in a past life i was a musician. i performed 100s of times. this year i’m revisiting my passion as i travel.
in Chiang Mai i recorded Juvenile. in Dubai i wrote 90’s Kid. and last month i produced 2 more songs in Madeira Island, Portugal.
today, my new EP Me Me Me debuts.
warning: the music isn’t very good. but i’ll walk through each song to pitch another kind of appreciation.
this was a fun track. my friend CJ murdered the bridge and made it 10x better.
i never appreciated “nostalgia” until Don Draper articulated it so well. it’s a Greek mash up of ‘homecoming’ and ‘pain,’ thus the pain of old, secure memories.
after wrapping my head around the feeling of nostalgia, i felt comfortable unleashing it in a song.
in pre-writing i jotted down the following:
- early curfew / digital stopwatch
- Carson Daly / TRL
- slow internet, no Wikipedia
using these reference points, the song sort of wrote itself.
since i’m traveling with a ukulele, i used beach-y sounding chords and improvised the bass, drums, and keys while in the studio.
for more 90’s Kid lyrical analysis, go here.
in 2018 i bought two, 10-lesson packages from a local piano instructor and missed 1 of my appointments.
after 19 lessons i began tinkering with a few riffs. one is pop, the other is this thing, whose ending is reminiscent of Something Corporate.
what i’m trying to communicate in this song is not that i’m depressed (i’m not), but simply that i’m wired differently from most people.
Insomniac is a “take it or leave it” overview of my decision tree framework. it actually echoes this essay, highlighting the downsides (vs the perks) of sociopathic tendencies.
for more Insomniac lyrical analysis, go here.
this song isn’t the first time i’ve shared my life story in verse format.
anyone who’s listened to my albums over the years knows a few things:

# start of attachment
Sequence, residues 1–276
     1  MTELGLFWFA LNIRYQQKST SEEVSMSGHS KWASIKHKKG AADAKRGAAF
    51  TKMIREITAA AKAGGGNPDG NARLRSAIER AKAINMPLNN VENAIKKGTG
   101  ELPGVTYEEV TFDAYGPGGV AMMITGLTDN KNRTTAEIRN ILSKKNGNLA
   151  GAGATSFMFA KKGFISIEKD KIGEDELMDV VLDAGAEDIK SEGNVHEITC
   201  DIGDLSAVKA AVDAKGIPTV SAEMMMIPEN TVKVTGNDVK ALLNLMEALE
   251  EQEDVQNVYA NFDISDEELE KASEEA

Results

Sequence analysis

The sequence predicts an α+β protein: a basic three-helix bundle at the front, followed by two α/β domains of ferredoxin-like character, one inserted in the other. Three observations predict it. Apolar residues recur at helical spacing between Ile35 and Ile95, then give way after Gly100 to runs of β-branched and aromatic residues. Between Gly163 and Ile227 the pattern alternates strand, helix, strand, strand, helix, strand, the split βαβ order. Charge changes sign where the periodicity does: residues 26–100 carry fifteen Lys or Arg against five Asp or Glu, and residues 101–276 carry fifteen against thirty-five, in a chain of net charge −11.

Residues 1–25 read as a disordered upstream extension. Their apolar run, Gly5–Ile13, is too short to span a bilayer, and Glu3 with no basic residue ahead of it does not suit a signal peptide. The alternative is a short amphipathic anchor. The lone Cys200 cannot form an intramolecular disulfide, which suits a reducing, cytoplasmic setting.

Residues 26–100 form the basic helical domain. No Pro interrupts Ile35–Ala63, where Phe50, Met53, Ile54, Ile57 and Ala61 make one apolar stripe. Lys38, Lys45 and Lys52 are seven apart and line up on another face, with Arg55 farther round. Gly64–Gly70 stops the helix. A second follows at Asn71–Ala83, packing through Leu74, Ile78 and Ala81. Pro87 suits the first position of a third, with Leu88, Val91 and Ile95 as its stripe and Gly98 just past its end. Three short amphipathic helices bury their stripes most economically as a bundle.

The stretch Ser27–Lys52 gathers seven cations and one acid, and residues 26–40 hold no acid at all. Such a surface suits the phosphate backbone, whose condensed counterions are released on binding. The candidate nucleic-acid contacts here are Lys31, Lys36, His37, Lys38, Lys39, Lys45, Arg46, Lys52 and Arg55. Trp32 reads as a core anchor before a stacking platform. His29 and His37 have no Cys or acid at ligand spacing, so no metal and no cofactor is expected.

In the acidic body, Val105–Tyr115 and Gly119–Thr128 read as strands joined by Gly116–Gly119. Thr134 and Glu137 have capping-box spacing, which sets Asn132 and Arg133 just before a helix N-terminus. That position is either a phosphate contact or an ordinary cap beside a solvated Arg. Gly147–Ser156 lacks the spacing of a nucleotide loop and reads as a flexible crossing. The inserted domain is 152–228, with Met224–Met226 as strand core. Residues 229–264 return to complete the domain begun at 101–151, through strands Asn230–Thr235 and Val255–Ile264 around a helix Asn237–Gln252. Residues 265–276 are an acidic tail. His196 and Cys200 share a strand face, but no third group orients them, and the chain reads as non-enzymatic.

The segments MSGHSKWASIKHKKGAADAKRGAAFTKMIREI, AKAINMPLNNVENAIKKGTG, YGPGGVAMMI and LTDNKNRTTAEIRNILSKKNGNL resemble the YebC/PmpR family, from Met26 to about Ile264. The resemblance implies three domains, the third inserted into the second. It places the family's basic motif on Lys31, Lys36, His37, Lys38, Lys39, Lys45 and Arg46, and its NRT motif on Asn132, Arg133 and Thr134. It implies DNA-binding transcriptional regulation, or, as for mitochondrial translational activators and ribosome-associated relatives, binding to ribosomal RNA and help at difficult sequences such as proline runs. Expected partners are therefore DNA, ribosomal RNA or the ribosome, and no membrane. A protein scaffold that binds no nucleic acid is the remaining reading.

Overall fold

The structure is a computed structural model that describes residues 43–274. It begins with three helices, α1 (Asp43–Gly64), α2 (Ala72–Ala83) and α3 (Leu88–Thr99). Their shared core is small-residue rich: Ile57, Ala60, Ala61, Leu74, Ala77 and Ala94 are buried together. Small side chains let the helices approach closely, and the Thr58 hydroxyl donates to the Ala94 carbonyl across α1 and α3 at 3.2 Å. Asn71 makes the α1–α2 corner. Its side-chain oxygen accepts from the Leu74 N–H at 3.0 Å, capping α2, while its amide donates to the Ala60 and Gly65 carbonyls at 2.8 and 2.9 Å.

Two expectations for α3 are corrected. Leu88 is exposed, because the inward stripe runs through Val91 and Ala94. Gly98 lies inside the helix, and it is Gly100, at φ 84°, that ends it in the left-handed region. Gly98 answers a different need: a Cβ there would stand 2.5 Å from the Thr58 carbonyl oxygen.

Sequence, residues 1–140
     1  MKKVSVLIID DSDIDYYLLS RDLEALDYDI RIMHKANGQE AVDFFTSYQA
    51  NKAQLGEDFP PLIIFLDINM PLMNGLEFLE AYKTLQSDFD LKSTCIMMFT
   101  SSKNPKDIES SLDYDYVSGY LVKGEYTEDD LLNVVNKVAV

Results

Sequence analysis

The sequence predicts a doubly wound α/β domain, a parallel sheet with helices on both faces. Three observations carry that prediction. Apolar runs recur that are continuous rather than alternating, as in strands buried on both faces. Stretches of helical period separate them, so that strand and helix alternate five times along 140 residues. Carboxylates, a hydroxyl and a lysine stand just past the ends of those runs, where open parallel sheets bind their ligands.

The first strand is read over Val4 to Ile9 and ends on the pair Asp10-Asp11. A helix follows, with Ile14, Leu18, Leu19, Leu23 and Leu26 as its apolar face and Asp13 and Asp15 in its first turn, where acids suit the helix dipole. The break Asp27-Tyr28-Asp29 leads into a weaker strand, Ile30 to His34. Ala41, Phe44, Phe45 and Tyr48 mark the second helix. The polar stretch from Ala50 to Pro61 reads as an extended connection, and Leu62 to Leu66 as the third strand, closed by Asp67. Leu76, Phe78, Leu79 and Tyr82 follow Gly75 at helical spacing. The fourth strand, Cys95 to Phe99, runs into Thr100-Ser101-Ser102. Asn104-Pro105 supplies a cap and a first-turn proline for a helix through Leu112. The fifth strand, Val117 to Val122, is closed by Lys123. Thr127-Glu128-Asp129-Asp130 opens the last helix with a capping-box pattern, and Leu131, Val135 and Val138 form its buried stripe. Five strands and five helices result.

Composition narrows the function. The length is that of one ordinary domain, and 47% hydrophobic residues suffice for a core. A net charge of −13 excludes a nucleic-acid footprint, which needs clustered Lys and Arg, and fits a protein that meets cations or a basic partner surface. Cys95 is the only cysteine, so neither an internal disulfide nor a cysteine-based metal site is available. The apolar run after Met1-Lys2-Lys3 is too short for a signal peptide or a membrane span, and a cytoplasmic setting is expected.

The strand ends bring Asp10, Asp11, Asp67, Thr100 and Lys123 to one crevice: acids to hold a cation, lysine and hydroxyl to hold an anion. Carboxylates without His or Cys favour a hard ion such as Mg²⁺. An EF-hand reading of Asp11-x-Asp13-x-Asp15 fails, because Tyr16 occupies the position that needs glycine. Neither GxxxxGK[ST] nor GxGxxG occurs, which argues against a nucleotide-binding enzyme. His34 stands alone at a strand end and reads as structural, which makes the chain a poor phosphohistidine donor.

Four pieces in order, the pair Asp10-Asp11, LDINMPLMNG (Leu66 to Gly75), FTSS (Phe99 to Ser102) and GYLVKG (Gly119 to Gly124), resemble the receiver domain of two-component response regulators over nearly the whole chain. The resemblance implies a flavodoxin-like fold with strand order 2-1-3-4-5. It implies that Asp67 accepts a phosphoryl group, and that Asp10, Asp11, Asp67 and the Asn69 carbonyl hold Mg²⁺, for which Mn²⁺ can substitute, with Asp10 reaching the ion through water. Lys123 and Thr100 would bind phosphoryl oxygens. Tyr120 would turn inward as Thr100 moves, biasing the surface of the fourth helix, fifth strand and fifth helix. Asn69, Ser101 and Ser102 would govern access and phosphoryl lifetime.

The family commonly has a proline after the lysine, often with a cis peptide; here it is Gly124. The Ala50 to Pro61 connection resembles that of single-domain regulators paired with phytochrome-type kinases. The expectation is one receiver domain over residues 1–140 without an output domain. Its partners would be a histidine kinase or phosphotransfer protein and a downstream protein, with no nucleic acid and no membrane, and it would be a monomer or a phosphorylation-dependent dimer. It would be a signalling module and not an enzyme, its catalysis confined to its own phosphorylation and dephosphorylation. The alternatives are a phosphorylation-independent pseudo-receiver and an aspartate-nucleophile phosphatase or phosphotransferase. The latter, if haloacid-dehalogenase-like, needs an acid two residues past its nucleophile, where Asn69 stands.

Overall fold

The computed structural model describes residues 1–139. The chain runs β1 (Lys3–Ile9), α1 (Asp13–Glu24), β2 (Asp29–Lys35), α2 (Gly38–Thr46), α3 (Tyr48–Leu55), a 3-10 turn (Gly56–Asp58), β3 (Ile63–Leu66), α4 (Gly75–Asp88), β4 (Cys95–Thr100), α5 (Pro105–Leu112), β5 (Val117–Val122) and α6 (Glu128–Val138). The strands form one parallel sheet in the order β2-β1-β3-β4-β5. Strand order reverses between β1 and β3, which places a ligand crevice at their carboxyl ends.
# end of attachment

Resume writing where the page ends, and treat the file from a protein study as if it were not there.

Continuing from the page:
- i began learning guitar at age 13
- i practiced for hours, mostly while home alone
- i tried to get famous
of course, none of this worked out and i’m not alone. most guys who know guitar, started as a teen and hoped to get famous.
so what i put together in this track was not so much a unique story, but an insight i’ve drawn from my otherwise average upbringing: i’m mediocre.
sounds country, right? gross. i hate country.
the point this song is trying to make is: if i can do it, anyone can. where “it” is make more money than i need, marry up, get ripped, and travel.
i also attempt to highlight man’s “God-shaped hole.” religion aside, we’re all subject to this phenomenon, and it’s worth examining how you fill yours. typical side effects include workaholism, lust, alcoholism, and prestige.
on a lighter note, the ending of this song attempts to pay homage to an old Matchbox Twenty single.
for more Mediocre Man lyrical analysis, go here.
Me Me Me
enlightened listeners will spot a pattern… this album is about me. aesthetically i use language “I’m …” in every song to make the theme as painful as possible.
Me Me Me is introspection, self deprecation, and self-aggrandizement wrapped up in 1 orange clickable square on iTunes, Spotify, etc.
it’s also true. for better or worse, every limerick in Me Me Me is real.
most great songwriters, write fiction. i haven’t figured out how to do that yet. but i’m hoping Me Me Me is the final chapter in my volume of overly personal, mediocre music.
my next studio session is this October in Kuala Lumpur, Malaysia. maybe i’ll do a better job. maybe i’ll call the next album Other People.
to listen to all my music, go here.